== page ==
What you need to succeed on the GRE
The GRE is a standardized test that tests your skills in reading, writing, and verbal reasoning. This test consists of three sections: Verbal Reasoning, Quantitative Reasoning, and Analytical Writing.
There are many ways to prepare for the GRE, but what is most important is your studying strategy. You must have a well thought out plan before you’re ready to take on this test. That plan should be based around resources like content review, timed practice exams, and flashcards.
How to Crack the GRE by Yourself
The best way to prep for this is to study independently. But if you cannot do that, you can still pass the test by using flashcards and a study plan. You should study for about four hours a week, divided into two or three blocks of time.
Quiz yourself every day on material you’ve studied the previous day and review any material that you haven’t memorized. This will ensure that you are memorizing information and not just studying it in your head.
1. Find your baseline
Your baseline score is the score you would receive if you took the GRE today. Before you make a study plan, take a full-length GRE practice test under the same testing environment as the real thing. The results will guide your prep by showing you which content areas you need to focus on the most.
2. Determine your target GRE score
You’ve probably started making a list of the graduate programs that interest you. Compare your practice test score against the average GRE scores of the most recent incoming class to each program (find this information on the school website or in our grad school profiles). Your target score is one that would put you at or above the average for the schools on your wishlist.
3. Make a plan to close the gap
Whether you choose a prep course, online program, or a test prep book, you need a smart prep plan that will hold you accountable and give you the results you need. With a little research you’ll find the right environment for you.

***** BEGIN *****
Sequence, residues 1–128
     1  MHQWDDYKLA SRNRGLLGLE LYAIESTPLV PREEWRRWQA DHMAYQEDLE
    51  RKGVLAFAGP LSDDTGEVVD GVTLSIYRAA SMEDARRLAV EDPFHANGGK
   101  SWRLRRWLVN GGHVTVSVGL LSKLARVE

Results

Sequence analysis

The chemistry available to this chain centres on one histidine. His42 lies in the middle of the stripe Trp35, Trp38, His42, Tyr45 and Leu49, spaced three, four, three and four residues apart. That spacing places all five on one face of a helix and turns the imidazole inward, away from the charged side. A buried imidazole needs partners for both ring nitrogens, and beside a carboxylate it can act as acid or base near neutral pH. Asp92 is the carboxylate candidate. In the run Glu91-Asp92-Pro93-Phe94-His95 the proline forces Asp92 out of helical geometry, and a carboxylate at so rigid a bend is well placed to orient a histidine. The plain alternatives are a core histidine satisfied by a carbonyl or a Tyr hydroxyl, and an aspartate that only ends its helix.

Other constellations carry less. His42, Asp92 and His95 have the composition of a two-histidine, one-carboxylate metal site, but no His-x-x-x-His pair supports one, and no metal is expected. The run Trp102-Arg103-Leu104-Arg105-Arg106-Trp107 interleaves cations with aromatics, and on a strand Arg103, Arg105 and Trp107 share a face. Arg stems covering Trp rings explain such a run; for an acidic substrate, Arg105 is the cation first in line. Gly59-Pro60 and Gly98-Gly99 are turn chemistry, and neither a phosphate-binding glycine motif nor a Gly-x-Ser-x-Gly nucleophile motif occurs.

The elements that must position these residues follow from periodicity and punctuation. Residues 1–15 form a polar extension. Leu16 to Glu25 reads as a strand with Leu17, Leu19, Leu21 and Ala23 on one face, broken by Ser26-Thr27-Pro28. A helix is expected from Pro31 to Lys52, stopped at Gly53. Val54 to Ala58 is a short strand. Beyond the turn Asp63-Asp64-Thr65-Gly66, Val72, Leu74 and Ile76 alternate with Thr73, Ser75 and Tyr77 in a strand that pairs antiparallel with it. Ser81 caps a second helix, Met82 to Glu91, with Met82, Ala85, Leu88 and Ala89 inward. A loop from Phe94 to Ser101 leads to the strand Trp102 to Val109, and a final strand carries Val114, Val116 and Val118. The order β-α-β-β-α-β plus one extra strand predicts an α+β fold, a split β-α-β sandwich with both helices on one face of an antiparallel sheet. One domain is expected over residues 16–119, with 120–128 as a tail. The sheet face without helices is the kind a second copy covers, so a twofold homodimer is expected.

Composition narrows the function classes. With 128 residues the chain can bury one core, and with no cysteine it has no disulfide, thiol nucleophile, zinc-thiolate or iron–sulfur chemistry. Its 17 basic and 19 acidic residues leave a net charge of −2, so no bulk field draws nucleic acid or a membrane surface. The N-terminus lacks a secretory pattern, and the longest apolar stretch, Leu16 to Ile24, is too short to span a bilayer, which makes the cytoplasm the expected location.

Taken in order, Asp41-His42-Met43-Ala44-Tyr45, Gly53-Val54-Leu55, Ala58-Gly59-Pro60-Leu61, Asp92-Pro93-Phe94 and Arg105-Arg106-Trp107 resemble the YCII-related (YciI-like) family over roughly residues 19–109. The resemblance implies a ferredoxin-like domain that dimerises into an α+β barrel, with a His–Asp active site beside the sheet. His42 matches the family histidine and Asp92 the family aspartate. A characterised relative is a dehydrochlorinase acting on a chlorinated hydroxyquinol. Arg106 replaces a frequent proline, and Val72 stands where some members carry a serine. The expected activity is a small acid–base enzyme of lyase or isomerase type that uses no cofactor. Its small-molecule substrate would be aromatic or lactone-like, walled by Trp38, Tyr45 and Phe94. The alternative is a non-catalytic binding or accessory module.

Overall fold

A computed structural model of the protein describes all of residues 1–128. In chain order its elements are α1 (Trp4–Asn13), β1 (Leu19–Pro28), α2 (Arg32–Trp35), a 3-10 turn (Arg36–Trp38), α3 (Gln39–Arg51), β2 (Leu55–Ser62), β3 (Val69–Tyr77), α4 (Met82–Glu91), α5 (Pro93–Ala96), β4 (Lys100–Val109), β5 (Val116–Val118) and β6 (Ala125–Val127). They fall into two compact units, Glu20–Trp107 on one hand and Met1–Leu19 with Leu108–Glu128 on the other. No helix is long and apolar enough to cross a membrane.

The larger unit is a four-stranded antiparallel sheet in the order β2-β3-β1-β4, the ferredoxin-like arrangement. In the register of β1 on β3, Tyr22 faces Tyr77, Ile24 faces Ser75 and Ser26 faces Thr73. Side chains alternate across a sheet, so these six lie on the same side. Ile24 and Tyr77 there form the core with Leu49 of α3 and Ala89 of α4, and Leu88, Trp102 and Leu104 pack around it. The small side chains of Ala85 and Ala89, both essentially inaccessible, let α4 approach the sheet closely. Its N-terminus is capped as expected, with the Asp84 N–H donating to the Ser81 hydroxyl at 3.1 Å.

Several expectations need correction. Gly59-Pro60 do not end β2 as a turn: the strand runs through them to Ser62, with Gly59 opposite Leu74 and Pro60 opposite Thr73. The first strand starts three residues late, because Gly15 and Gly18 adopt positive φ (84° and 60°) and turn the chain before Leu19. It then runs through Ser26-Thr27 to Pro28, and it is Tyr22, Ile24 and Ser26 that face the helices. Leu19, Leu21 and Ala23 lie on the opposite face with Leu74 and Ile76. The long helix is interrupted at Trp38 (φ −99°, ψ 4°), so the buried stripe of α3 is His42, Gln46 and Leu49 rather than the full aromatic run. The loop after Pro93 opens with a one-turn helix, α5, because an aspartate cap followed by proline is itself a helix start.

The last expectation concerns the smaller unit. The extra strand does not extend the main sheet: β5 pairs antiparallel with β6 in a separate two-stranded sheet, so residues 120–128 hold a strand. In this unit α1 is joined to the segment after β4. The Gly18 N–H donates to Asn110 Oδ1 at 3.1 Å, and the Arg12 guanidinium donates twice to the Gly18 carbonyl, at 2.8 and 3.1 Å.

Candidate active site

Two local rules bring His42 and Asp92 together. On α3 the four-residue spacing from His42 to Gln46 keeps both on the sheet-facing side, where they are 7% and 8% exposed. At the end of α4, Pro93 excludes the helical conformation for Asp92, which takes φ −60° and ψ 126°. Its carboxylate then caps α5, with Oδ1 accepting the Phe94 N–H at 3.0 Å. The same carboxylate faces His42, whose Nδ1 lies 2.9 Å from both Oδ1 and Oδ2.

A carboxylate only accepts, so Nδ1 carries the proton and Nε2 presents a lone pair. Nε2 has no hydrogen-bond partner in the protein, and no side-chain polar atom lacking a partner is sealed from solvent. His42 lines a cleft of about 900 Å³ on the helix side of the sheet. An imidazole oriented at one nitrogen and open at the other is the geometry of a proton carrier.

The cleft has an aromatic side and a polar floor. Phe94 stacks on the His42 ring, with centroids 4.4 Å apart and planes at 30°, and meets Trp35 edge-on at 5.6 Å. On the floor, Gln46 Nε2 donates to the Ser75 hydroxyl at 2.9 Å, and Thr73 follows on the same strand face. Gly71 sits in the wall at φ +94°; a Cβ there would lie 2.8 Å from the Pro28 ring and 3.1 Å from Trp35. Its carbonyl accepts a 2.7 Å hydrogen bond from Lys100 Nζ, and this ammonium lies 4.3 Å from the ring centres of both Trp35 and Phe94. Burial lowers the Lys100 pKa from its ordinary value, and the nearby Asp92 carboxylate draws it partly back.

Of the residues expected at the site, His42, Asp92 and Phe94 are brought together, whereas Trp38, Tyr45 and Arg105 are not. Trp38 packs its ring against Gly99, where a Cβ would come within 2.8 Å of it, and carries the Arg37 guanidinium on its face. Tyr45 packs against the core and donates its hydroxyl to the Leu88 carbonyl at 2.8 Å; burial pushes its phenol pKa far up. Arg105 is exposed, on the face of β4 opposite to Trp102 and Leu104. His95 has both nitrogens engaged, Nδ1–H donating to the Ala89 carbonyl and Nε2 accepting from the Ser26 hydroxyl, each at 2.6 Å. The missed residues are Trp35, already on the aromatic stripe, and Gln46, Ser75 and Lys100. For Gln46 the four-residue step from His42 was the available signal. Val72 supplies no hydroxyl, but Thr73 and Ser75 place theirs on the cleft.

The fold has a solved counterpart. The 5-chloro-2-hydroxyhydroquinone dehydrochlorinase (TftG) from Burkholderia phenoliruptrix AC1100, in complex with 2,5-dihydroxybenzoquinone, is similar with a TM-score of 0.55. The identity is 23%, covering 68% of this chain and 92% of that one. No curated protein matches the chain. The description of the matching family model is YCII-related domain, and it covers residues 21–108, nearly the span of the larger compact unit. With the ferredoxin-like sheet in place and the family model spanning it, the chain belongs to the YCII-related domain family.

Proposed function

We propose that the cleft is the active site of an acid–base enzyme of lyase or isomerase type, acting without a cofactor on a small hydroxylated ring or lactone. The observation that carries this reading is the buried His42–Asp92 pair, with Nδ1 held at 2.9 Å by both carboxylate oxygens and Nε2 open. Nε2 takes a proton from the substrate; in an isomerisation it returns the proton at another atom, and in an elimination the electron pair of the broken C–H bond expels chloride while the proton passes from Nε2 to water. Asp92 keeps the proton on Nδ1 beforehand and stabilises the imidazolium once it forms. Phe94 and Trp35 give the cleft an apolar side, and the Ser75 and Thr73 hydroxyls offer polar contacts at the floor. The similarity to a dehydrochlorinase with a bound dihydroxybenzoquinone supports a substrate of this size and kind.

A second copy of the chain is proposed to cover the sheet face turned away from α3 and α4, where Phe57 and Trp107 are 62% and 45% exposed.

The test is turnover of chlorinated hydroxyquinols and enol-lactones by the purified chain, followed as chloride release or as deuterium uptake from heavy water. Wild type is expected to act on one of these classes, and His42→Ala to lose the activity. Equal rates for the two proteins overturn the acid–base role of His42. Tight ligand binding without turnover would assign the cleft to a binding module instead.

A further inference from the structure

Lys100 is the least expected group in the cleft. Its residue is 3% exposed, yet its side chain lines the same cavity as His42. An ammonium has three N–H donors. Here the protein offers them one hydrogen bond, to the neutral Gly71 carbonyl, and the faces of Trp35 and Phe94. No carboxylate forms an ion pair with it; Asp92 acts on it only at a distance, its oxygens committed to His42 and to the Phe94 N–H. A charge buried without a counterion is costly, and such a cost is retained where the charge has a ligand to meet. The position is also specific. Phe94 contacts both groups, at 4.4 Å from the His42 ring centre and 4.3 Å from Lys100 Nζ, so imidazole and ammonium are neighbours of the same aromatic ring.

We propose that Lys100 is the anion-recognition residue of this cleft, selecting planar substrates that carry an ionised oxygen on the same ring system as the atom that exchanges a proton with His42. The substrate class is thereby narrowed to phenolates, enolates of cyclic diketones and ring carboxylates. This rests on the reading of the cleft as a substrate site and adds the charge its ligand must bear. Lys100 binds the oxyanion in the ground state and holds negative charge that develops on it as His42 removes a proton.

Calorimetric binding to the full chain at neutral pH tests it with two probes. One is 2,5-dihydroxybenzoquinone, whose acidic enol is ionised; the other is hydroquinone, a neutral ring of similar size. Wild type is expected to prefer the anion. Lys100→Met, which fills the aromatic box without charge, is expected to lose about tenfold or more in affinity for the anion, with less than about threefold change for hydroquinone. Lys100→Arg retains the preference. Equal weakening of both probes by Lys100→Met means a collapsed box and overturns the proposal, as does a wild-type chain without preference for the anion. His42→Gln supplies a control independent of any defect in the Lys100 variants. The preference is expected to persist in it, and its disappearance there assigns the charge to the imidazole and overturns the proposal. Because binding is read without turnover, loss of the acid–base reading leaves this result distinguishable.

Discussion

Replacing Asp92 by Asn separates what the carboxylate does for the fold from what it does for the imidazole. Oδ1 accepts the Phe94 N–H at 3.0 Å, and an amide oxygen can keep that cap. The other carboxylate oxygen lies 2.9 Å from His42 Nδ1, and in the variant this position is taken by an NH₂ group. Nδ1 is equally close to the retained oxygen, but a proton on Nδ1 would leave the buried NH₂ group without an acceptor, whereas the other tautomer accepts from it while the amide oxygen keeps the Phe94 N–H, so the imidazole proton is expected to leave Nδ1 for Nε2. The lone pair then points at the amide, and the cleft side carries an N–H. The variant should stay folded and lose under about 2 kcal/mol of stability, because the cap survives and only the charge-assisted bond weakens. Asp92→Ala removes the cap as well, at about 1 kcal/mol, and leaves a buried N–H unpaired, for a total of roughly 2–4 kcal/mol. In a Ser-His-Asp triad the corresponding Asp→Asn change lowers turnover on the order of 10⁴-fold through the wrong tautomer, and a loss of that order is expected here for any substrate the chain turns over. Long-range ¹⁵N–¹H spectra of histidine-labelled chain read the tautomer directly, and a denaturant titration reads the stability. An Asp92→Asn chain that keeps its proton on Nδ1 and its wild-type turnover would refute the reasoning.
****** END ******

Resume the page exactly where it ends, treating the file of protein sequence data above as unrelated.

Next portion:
4. Practice for technique
Focus on how you approach each question while taking practice tests and drills. If you focus on just the results, you do nothing more than reinforce the way you are taking the test right now. The techniques you use and the way you solve a problem are what help you get better at taking the GRE.
5. Mimic real GRE conditions
Paper-and-pencil tests can help you practice concepts and test-taking strategies, but they do not adapt to your performance like the real GRE. Make sure you budget online practice into your study schedule to help prepare you for the computer-based test experience.
6. Review your results
Always review your performance after taking GRE practice exams. What kinds of questions do you consistently miss? What question types do you tend to ace, and which ones slow you down?
This is where access to a GRE tutor can really give you a leg up. Test prep is only partly about mastering content—it’s also about your pacing and test-taking skills. To be completely prepared, sit down with a coach to review your performance on practice exams and make a smart plan to meet your GRE score goal.
7. Build up your GRE vocabulary
Vocab is still an important part of the GRE Verbal sections. You can absorb many of the words that will show up on the GRE by reading respected publications such as academic journals or some of the more highbrow newspapers and magazines. When you come across new words on practice tests or practice problems, add them to your list. They have been used before on the GRE and they may very well be used again. Check out our GRE Power Vocab book for lists and drills.
8. Practice with and without a calculator
A calculator is provided for you on the GRE as part of the on-screen display, and can be a huge advantage if used correctly! But the calculator can also be a liability. Figure out when using a calculator makes you more accurate, and when you’re better off learning the rules of a key math concept.